Federico Viticci

7555 posts on MacStories since April 2009

Federico is the founder and editor-in-chief of MacStories, where he writes about Apple with a focus on apps, developers, and mobile software. He can also be found in the iBooks Store and on his two podcasts, Connected and Virtual.

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More on WatchKit

Following the release of WatchKit earlier this week, I've been reading through the documentation and listened to what developers had to say about it. Here's my original roundup of links and tweets. Below, other interesting reads from around the web.

Serenity Caldwell has an excellent overview of Apple's announcements at iMore:

Tapping and swiping continue to be the primary way of interacting with all iOS apps, Apple Watch included. The watch has a few new swipe gestures, including a left edge swipe (to return to the previous screen) and a swipe up from the bottom (which activates Glances). Pinch-to-zoom and other multi-finger gestures don't exist on the Apple Watch; instead, you're presumably expected to use the device's Digital Crown to zoom in and out. There's also Force Touch, a long-press action that activates the menu or important contextual buttons within an app.

John Gruber compares WatchKit to the iPhone in 2007:

In a sense, this is like 2007 all over again. The native APIs almost certainly aren’t finished, and battery life is a huge concern. But with the Watch, Apple is ahead of where they were with the iPhone.

MG Siegler notes that the Apple Watch will be highly dependent on the iPhone:

To that end, the Apple Watch is more of a “widget watch” — that is, it displays content which are less like apps and more like the widgets found in the notifications drop-down on iOS devices. (And yes, they require iPhone apps as a base.) And that shows the importance of iOS 8, which first introduced these widgets to third-party developers. For the first couple months of iOS 8, these widgets were pretty clunky. It’s only now that developers are starting to smooth out the kinks and make these widgets more useful and performant. And this will clearly be key for the Apple Watch as well.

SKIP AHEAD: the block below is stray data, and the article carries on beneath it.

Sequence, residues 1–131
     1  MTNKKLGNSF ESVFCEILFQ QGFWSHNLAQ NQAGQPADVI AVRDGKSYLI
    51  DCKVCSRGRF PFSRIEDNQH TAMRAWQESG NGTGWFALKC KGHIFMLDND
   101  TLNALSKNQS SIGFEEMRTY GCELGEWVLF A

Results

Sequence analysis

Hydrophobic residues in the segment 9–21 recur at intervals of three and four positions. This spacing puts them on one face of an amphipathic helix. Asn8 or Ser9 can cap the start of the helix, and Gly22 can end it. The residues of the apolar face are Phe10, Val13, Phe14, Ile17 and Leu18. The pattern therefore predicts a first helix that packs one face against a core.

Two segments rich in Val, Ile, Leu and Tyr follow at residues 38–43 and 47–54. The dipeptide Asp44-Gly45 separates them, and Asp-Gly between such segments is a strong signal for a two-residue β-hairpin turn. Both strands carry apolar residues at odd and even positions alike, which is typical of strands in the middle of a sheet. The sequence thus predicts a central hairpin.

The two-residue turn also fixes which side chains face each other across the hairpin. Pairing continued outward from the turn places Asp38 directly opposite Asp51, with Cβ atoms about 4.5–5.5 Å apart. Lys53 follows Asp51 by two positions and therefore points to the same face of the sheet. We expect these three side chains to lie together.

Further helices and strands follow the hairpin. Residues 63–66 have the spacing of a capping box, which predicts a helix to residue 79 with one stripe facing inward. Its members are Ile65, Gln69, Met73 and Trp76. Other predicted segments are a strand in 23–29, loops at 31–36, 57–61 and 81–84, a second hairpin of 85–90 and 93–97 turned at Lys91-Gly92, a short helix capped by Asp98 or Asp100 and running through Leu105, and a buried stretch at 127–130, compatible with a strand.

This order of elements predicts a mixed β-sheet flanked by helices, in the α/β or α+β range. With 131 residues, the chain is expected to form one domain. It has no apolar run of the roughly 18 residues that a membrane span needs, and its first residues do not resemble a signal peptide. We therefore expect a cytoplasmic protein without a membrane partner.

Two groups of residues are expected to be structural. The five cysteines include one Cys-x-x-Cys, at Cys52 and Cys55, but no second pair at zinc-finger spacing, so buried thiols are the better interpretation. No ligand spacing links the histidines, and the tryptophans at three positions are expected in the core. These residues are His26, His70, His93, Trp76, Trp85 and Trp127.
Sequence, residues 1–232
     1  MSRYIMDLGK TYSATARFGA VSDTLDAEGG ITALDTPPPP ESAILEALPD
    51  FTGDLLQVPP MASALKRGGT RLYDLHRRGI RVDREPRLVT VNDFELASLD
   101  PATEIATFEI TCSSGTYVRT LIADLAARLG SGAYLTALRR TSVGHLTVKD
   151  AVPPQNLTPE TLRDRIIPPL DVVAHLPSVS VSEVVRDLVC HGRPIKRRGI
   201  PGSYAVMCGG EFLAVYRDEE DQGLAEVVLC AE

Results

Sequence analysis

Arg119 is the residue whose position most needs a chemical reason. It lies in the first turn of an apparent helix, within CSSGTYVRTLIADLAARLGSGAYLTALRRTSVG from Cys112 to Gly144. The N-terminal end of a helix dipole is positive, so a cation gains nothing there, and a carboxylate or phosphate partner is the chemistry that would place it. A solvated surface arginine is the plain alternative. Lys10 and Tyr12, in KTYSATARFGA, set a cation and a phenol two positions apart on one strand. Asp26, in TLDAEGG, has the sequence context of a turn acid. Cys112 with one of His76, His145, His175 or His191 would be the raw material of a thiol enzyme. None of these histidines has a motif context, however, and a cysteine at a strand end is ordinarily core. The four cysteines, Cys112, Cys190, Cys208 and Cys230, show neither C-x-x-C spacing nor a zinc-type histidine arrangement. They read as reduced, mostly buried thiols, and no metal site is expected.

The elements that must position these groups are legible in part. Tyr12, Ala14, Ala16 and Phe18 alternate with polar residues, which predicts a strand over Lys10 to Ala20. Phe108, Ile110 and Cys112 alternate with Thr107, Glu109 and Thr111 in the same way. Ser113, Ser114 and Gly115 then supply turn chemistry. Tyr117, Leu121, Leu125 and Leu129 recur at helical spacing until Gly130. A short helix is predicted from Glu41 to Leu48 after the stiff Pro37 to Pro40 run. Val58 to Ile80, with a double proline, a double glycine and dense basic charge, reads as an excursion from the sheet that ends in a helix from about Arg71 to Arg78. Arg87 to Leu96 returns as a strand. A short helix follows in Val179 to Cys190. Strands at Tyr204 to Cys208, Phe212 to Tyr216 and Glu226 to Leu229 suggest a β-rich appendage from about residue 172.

Craig Hockenberry posted a technical overview of the new developer technologies in WatchKit with plenty of good advice:

Once you have the PDF to give you an idea of the physical size, you can then start to see how your design works at that scale. Thibaut has already made the world’s ugliest watch and it’s doing important information design work. Here it is showing a simulated scroll view and exploring glance interactions.

These physical interactions with your designs are incredibly important at this point. Wondering why the scroll indicator only appears in the upper-right corner while you scroll your view? I was until I realized that’s where the digital crown is physically located.

In his thoughts on WatchKit, Nick Heer takes a look at the new Apple font, San Francisco:

San Francisco Text — that’s the one for smaller text sizess — has similar metrics to Helvetica Neue. Not the same, but if you squint a little, kind of close enough, and closer still to the metrics of Lucida Grande. Perhaps this is eventually the new UI font for all Apple interfaces. It certainly would be more of a distinct signature face than Helvetica, and it would be more legible, too.

And last, some early mockups of third-party Apple Watch apps.

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Connected: The Old Mac Paladin

This week, Myke escaped. Federico and Stephen talk about Twitter and WatchKit, then debate productivity for a while before realizing the irony of it.

Don't miss the show notes on this week's Connected – we mentioned some fine apps and linked to an old Power Mac G5 used as a grill (really). Get the episode here.

Sponsored by:

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CloudMagic Adds Share Extension, Share Sheets in Email Messages

CloudMagic, an email client I mentioned in my article on Mail and extensions on iOS 8, has been updated today with a share extension and support for saving messages elsewhere with share sheets.

I use CloudMagic on the iPad because I need an email client capable of saving messages to Todoist. With the update, CloudMagic gains support for any app that provides an action/share extension, and, for the most part, everything works well. From the app, I can now save message text to Clips, the native Todoist extension, Drafts, and NoteBox. There are some inconsistencies (some apps insert data received by CloudMagic in the wrong field of their extension; subject lines aren't always used to fill title fields), but it's a solid start.

The share extension is also a nice addition. You can bring it up in Safari to send a webpage over email, use it in the Photos app to attach an image to a new message, and, in general, you can rely on it as a replacement for Mail system sharing (too bad it can't save drafts).

CloudMagic is free on the App Store.



Billboard to Start Counting Streaming Services in Top Charts